|Maritime IncidentsInternational Maritime Organization|
|The sea has always been a potentially hazardous and dangerous working environment. Yet, ship operators today have new factors and new pressures to contend with. The structure of the global marketplace requires that goods and materials be delivered not only to the geographical location where they are required but also within a very precise timeframe. Today, goods in transit are carefully factored-in to the supply chain and, as a result, the transportation industry – which embraces both shipping and ports – has become a key component of a manufacturing sector which sets its store by providing a complete “door-to-door” service. As a consequence, safety and efficiency have now, more than ever before, become two sides of the same coin: accidents are not only undesirable outcomes in themselves; they also have a negative impact on the supply chain that is at the heart of the global economy. |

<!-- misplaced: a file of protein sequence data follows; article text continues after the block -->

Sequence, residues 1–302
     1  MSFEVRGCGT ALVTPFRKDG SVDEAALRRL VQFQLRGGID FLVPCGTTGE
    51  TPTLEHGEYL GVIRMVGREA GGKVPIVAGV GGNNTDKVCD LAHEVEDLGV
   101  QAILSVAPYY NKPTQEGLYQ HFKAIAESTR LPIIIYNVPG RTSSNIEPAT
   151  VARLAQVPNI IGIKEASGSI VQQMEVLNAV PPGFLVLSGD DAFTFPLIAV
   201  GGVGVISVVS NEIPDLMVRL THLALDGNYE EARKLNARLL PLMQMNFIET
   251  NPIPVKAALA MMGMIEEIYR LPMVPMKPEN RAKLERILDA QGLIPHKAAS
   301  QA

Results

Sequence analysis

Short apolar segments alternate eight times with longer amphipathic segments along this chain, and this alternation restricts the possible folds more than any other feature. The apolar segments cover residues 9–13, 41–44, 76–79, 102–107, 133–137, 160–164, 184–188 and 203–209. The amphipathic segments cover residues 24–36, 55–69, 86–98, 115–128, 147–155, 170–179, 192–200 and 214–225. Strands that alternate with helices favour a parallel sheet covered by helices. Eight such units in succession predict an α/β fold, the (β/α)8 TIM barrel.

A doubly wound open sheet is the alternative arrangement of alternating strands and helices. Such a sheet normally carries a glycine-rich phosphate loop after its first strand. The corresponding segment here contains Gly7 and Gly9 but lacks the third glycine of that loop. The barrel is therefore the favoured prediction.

The International Maritime Organization (IMO)’s role is to ensure the highest practicable, globally acceptable, standards that will improve maritime safety and security and, at the same time, help prevent marine pollution. Shipping in the 21st century is the safest and most environmentally benign form of commercial transport.
Commitment to safety has long pervaded virtually all deep sea shipping operations and shipping was amongst the very first industries to adopt widely implemented international safety standards. From the mid-19th century onwards, a number of international maritime agreements were adopted. A treaty of 1863, for example, introduced certain common navigational procedures that ships should follow, when encountering each other at sea, so as to avoid collision, and was signed by some 30 countries. And the infamous Titanic disaster of 1912 spawned the first Safety of Life at Sea - or SOLAS Convention, which, albeit completely modified and updated, and nowadays within the responsibility of IMO, is still the most important international instrument addressing maritime safety today, covering, among others, such areas as ship design, construction and equipment, subdivision and stability, fire protection, radio-communications, safety of navigation, carriage of cargoes (including dangerous cargoes), safety management and maritime security.
printed on 2013/05/23 09:31:57